That is what makes the celebration of this Christ Mass so amazing. Not that Jesus was born of a virgin. Not that Jesus ended up being a pretty good guy. Not that Jesus had spiritual insights that made him a great teacher. Not that Jesus had the capacity to heal people’s bodies and souls. What makes the Christ Mass so amazing, is that in the person of Jesus Christ, our transcendent God becomes immanent. Becomes one of us. Becomes part of our every day realty.

That was true in the first century, and it continues to be true today. God is as close as the word we proclaim when we gather in this room. God is as close as the absolution we share, after making confession of our sins. God is as close as the greeting of peace that we’ll offer to one anther in a few moments — as close as the fellowship that the Holy Spirit establishes among us, as brothers and sisters in faith. God is as close as the bread that is broken and the wine that is poured. God is as close as the sunset (or sunrise) that stirs our hearts. God is as close as the healing that restores our bodies. God is as close as the reconciliation we experience with each other. God is as close as the inspiration to reach out and make a difference for someone in need. God is as close as the determination to stand up for justice and peace. Our transcendent God becomes immanent as our hearts are captured by the Gospel, and as we become instruments of God’s grace and mercy.

In Jesus of Nazareth God has come near, and has chosen to stay near. That’s the central message of the Christ Mass — of the Christmas celebration. We gather in the quiet of this morning to honor his birth. As we do so, God is as near to us as was the case on that first Christmas morn. My Christmas morning prayer is that the presence of Christ in your lives and in mine might ground us in the promise of the Gospel, might transform us by the gift of forgiveness, and might empower us to become the immanent, tangible body of Christ in our world today.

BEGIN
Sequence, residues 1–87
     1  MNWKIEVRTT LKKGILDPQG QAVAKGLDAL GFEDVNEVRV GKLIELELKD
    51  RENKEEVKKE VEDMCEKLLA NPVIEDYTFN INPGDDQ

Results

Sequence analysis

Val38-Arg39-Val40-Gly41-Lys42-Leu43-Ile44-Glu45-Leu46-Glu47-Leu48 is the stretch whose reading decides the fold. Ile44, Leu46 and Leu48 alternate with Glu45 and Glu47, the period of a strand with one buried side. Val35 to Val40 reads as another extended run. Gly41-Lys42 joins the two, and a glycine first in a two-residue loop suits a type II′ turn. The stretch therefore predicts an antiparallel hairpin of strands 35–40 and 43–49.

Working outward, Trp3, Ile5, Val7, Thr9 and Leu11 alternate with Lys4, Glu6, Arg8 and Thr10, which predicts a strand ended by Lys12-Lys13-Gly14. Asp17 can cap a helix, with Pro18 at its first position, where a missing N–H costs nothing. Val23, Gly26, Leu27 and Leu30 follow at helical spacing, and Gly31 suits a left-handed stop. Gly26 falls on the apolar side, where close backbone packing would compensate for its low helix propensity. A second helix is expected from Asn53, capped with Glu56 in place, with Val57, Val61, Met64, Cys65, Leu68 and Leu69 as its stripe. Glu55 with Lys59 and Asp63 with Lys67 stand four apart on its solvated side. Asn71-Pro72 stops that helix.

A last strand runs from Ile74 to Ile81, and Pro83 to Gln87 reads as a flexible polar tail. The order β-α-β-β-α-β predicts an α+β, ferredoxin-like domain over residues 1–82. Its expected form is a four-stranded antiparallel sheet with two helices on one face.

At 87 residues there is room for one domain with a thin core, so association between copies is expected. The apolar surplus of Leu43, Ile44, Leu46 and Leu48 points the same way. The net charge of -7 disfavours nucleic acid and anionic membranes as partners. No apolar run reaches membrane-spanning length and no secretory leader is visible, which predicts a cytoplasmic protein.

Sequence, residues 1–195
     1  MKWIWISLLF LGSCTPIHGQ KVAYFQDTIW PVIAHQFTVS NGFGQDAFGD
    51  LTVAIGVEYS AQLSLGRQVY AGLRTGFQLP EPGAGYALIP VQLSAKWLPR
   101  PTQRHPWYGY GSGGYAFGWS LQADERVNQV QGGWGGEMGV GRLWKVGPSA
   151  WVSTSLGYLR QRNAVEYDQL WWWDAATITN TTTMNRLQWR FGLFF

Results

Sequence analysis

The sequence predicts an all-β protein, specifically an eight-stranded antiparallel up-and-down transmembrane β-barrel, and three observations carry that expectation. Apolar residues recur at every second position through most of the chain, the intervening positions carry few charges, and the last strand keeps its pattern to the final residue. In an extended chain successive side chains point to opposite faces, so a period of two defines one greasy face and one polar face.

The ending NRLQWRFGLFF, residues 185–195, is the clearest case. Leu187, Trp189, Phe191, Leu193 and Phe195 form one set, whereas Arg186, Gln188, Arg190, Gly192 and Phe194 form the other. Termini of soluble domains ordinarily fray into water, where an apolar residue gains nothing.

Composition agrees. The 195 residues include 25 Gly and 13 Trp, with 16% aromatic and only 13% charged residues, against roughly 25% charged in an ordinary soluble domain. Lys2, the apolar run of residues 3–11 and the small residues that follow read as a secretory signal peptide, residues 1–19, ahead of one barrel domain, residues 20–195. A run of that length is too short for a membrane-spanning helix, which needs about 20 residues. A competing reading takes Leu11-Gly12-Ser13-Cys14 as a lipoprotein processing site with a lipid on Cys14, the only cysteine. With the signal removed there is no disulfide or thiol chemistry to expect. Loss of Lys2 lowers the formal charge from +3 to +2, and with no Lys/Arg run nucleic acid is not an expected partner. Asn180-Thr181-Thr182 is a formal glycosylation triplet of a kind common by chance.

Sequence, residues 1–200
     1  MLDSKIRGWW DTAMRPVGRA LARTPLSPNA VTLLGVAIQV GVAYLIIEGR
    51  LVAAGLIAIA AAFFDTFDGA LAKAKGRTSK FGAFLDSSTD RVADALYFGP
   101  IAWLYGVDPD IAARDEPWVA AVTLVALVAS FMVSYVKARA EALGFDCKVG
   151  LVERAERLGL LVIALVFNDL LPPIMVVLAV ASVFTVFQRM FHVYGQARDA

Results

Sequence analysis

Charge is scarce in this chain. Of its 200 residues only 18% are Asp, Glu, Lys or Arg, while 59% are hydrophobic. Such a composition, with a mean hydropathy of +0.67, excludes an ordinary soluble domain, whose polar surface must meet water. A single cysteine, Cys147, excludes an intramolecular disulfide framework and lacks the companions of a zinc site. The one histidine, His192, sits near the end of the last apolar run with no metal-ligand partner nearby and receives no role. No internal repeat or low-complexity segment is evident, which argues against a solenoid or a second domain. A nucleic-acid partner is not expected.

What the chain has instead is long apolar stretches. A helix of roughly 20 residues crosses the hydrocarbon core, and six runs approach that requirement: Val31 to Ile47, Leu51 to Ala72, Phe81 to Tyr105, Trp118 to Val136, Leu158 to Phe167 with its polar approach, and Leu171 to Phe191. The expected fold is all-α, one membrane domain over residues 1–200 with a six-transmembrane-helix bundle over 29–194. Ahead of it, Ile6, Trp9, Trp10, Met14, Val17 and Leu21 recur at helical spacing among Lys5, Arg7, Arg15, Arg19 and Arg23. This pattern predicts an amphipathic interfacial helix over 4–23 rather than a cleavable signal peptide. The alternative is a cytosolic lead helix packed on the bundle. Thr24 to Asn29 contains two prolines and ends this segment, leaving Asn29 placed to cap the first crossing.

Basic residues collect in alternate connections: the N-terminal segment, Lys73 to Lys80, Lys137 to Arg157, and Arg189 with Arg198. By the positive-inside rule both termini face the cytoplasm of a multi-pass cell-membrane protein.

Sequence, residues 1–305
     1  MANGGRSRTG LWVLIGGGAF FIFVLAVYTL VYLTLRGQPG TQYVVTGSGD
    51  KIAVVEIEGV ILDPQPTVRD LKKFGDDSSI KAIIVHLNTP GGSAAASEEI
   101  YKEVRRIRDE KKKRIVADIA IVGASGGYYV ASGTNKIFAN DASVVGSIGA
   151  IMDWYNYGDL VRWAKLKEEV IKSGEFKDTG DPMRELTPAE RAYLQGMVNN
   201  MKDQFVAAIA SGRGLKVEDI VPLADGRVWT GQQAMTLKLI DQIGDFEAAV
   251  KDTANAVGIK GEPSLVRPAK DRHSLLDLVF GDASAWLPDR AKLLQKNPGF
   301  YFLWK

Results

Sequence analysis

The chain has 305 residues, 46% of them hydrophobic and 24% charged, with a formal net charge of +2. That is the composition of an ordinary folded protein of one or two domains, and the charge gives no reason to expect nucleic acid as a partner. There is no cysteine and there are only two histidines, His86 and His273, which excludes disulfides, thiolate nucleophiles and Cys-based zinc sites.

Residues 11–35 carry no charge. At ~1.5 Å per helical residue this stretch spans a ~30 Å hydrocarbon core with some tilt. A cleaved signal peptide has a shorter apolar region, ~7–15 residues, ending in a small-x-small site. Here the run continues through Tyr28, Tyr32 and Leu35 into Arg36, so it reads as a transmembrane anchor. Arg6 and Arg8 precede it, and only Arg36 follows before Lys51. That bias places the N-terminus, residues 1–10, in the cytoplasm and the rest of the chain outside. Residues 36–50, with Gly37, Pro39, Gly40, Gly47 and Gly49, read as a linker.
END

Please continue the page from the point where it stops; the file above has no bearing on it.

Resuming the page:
Merry Christmas, friends. May your hearts and homes be inspired by the transcendence and blessed by the immanence of our loving and gracious God.

Amen.

Exploring This Week’s Gospel:

  1. What are some Biblical stories that picture God as treanscendent?
  2. What are some Biblical stories that picture God as immanent?
  3. What does it mean that in the Word of God, we experience both God's transcendence and God's immanence?

Connecting with This Week’s Gospel:

  1. When have I experienced the awesome magnitude of God's presence?
  2. When have I experienced God as being intimately close to me?
  3. What will I do in this new year to thank God for being present in my life?